Microbit Musicians

Today I have been playing with some ideas around creating my own little microbit orchestra. This has come around because of the announcement of the new microbit v2, soon to be available, which has some refreshed hardware and now contains a built in speaker.


My eventual goal (in a later post) was to create code for several microbits with different roles in the orchestra. I am imagining several microbits which will be the “musicians” and a coordinating role of the “conductor”. The musicians will be able to play whatever music is given to them. The conductor which coordinate and keep all the musicians in time with each other and be able to set the pace of the overall piece.

I would like to have as much of the behaviour of both roles set by external configuration rather than hardcoding of information within each program. For example, I would like the role of the musicians to be defined by a local file - e.g. violin.txt, cello.txt, bass.txt - and the music they play be defined by another local file - e.g. score.txt - or to be allocated to each role by the conductor using radio. This way the data could be loaded onto the conductor role and distributed throughout the orchestra with each role only listening for and downloading their parts over the radio.


First goal in this process is to be able to load abitrary music from a source other than the hard-coded program and then play it using the microbit music API.

I picked loading a local text file for the microbit temporary storage as the first step since it seemed to be the easiest and needed least interaction with other systems. Files are loaded onto the microbit using the files button in the mu editor and the docs warn that any temporary files are discarded when the microbit is next flashed. I found that this discarding was a bit hit-and-miss, sometimes the file would be removed after flashing, sometimes not. Anyway, it’s best to keep a backup on your development machine so it can be copied over as needed.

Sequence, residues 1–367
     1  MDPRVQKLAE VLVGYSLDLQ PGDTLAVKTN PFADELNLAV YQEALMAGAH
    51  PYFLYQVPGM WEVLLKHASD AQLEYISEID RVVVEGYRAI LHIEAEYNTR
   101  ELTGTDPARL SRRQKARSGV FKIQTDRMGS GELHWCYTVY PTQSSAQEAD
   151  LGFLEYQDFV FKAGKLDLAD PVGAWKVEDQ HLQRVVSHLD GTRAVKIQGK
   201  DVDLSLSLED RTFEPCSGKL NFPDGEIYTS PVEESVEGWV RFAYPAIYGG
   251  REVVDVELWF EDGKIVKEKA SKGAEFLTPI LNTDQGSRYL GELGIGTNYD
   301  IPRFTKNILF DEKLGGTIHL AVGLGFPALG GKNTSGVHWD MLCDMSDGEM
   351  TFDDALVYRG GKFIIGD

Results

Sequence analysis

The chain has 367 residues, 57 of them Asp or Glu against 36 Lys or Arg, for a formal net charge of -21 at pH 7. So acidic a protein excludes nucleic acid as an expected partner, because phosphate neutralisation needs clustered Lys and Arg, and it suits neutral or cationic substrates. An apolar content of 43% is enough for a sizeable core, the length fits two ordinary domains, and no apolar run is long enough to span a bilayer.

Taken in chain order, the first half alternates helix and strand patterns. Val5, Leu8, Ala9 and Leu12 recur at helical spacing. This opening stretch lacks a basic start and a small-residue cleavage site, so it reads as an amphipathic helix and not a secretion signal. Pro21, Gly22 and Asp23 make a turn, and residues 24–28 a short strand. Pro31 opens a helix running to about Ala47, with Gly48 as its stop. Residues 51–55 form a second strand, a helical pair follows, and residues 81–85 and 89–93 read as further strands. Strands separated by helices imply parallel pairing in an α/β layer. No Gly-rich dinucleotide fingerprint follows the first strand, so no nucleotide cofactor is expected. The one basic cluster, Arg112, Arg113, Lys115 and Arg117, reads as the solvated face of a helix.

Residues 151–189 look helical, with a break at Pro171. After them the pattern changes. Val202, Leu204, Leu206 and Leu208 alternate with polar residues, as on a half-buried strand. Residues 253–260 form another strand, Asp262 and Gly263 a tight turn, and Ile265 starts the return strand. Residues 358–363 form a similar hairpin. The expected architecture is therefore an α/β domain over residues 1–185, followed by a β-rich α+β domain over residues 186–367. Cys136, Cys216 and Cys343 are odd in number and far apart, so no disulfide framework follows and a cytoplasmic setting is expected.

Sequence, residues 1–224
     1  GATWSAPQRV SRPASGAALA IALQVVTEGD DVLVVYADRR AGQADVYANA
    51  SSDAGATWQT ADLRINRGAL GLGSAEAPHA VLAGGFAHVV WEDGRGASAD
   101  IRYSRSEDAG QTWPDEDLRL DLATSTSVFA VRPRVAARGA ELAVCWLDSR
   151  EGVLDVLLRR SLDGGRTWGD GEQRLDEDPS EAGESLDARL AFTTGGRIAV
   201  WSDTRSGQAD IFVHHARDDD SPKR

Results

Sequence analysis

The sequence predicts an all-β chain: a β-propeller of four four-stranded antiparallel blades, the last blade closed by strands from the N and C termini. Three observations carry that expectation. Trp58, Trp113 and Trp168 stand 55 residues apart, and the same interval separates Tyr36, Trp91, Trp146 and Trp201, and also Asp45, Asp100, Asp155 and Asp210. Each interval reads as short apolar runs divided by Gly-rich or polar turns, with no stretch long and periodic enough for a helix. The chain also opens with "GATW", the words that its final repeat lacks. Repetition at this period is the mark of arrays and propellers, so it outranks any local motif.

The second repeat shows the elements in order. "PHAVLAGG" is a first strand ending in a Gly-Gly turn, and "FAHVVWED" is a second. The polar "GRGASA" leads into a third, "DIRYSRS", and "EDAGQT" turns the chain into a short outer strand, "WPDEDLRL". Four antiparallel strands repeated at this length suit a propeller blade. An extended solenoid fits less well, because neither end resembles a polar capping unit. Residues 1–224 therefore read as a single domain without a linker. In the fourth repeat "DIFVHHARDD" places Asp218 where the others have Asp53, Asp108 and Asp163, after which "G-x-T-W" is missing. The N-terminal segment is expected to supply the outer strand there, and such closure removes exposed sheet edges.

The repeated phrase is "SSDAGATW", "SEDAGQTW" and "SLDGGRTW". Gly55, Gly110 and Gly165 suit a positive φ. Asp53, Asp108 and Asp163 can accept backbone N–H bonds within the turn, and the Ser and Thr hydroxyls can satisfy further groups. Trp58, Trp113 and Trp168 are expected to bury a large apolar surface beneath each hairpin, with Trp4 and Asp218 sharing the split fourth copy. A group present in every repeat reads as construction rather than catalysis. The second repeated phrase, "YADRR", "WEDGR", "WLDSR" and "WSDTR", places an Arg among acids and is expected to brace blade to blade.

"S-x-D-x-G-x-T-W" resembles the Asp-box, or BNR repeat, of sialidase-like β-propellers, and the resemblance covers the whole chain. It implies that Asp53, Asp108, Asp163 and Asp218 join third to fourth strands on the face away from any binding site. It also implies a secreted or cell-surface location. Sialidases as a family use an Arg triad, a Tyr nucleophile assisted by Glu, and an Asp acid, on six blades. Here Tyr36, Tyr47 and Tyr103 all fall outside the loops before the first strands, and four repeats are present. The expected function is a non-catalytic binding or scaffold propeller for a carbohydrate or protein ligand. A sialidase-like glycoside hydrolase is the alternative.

I opted for a very simple file format. The music is stored in the file using the microbit music DSL with one line per bar of music and each note separated from the others by a comma.


r4:2, g, g, g, eb:8
r:2, f, f, f, d:8

Here I’ve taken the microbit documentation example of the beginning of Beethoven’s fifth symphony as a test file.


Because of the problem with temporary files not being guaranteed to exist all the time, I opted for a hard-coded file name to check and use the microbit os module to list out local files and check if the expected file is available. It’s worth remembering the source code for the program also appears in the list of files as main.py so it’s good to remember not to assume the file you place there is the only one reported back to you.

After the file is loaded, we look at each line in the file, split the notes on the commas and add each note, stripped of surrounding whitespace, to a notional bar. Each bar is then added to the overall score. Once the whole file has been read, I change the displayed icon to a musical theme and play the available score on a loop.

Loading simple tunes into the file and resetting makes for an annoying test after a few minutes of constant repetition but as I build out the capabilities and include more microbits in the orchestra, the beauty of more sophisticated pieces, spread out across a few more ought to come to the fore.


# load-music-file.py
from microbit import *
import os
import music


score_file_name = 'score.txt'
score = []

local_files = os.listdir()

if score_file_name in local_files:

    with open(score_file_name) as score_file:
        line = score_file.readline()
        while line:
            notes = line.rstrip().split(',')
            bar = []

            for note in notes:


            line = score_file.readline()


while True:
    for bar in score:

Next will be assignment of roles for each musician and coordinating the piece from a central conductor.